From Reuters news agency:
Wed Jun 22, 2016 1:20pm EDT
French government backs down on Paris protest ban
PARIS | By Brian Love and Ingrid Melander
France’s government said on Wednesday that trade unions could hold a protest march in Paris after earlier telling police to ban the demonstration, reversing course under fire from union bosses and dissenters in the ruling Socialist Party.
The ban would have been the first outlawing of a union-organized demonstration since 1962.
The initial decision to ban the march sparked instant condemnation from lawmakers across the political divide and stirred tensions within the deeply divided Socialist Party.
Philippe Martinez, leader of the hardline CGT union, claimed “a victory for unions” and sought to press home the advantage with a call for direct talks with Hollande over the government’s plans to make it easier to hire and fire workers.
“The president has no other choice but to meet with the unions, and quickly,” Martinez told a news conference.
Trade unions say the proposed reforms would erode the rights of workers and want the draft bill scrapped …
Hollande and his government are standing firm against union demands, even though opinion polls show he is France’s most unpopular leader in decades.
“We will press on with this bill … and it will be adopted because it is in the country’s interest,” Prime Minister Manuel Valls told lawmakers.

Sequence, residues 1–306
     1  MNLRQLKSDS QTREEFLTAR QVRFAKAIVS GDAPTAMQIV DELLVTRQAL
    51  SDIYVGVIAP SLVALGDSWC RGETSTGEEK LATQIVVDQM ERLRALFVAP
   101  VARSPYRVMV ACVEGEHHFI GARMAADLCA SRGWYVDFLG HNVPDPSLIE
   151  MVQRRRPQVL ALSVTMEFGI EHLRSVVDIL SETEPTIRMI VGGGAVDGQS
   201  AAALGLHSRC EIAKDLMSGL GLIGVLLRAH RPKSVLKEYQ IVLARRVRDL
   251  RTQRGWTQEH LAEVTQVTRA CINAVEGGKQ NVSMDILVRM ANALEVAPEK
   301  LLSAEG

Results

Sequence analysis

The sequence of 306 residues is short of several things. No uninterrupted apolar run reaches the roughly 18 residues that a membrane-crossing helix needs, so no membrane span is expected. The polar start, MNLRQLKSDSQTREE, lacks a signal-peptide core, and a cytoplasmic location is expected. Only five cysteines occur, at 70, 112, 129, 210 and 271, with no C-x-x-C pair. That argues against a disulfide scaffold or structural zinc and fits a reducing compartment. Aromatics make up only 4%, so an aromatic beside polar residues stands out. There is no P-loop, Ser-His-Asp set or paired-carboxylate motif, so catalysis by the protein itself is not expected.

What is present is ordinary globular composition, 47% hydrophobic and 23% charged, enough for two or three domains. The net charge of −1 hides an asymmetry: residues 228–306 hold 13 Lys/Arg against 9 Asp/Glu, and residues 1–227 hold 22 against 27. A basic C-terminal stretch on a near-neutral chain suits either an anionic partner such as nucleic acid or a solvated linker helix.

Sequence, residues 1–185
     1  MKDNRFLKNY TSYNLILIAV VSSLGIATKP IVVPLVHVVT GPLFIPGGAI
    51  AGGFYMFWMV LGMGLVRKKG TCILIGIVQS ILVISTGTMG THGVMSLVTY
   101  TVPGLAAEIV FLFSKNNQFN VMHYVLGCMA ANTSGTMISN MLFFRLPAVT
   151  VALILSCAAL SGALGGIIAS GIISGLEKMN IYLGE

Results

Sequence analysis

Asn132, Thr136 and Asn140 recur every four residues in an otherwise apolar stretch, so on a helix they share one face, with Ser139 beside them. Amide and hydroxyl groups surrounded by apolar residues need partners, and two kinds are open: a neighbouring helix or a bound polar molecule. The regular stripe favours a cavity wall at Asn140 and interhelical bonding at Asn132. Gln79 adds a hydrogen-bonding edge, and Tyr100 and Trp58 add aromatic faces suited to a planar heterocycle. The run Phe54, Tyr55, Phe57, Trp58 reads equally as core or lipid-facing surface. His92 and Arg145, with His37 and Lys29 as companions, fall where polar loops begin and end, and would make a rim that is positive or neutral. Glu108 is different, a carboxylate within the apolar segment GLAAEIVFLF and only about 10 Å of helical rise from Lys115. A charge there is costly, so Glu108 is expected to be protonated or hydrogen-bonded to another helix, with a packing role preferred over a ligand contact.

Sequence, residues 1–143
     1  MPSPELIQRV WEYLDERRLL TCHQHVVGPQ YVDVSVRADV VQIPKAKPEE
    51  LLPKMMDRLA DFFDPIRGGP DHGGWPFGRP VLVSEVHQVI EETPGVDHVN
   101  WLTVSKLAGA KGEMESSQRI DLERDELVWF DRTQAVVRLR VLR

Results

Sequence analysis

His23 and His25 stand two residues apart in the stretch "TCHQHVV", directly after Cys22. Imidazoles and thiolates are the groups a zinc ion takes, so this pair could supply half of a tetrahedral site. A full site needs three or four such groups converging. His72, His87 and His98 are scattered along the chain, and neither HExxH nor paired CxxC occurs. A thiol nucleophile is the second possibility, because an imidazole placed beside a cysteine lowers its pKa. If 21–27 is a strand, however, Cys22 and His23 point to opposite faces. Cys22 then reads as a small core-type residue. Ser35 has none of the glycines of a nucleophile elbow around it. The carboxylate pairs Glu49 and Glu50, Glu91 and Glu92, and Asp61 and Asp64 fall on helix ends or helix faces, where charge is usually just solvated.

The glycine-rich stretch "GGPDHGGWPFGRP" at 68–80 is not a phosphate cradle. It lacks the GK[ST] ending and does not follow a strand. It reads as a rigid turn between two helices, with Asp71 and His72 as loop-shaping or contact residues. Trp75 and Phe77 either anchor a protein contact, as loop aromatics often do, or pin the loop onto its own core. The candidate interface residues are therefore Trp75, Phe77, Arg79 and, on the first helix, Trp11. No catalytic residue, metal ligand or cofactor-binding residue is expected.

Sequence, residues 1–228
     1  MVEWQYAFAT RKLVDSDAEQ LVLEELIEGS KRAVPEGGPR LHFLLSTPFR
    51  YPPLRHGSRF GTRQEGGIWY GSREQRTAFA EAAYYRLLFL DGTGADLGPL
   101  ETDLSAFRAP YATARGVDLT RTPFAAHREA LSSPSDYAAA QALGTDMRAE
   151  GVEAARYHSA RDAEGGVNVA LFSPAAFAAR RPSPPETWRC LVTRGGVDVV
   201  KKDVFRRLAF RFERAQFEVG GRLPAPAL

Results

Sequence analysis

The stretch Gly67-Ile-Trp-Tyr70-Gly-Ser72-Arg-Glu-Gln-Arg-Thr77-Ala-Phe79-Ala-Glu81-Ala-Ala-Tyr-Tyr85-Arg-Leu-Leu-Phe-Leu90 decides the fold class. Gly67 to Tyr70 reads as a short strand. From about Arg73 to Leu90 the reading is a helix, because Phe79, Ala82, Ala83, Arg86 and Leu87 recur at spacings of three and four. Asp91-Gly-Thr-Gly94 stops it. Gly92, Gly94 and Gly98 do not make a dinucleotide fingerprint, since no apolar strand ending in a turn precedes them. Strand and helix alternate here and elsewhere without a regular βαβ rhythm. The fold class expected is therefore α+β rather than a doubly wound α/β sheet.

Cazeneuve authorized a 1.5 km (1 mile) loop around a waterway at the foot of the Place de la Bastille square.
Karine Berger, a Socialist lawmaker who has been critical of the government’s policies, said on Twitter: “We’re back to what French democracy should be like.”
Backbench lawmaker Christian Paul had earlier said Valls was making “a historical mistake” with the ban, highlighting the rifts within the Socialist Party year ahead of presidential and legislative elections.
The last union-organized protest march to be banned in France — against the war in Algeria — was in 1962. The ban was defied, leading to clashes with police in which nine people died, eight of them CGT members.
(Additional reporting by Richard Lough, Simon Carraud, Gerard Bon and Emile Picy; Writing by Richard Lough and Brian Love; Editing by Catherine Evans)
Protests are to be held in cities across France today against the Socialist Party (PS) government’s despised labor law, after the PS suddenly backed down from threats to ban today’s protest in Paris. The unprecedented decision to threaten such a ban points to the advanced state of preparations for state repression of social opposition in the working class: here.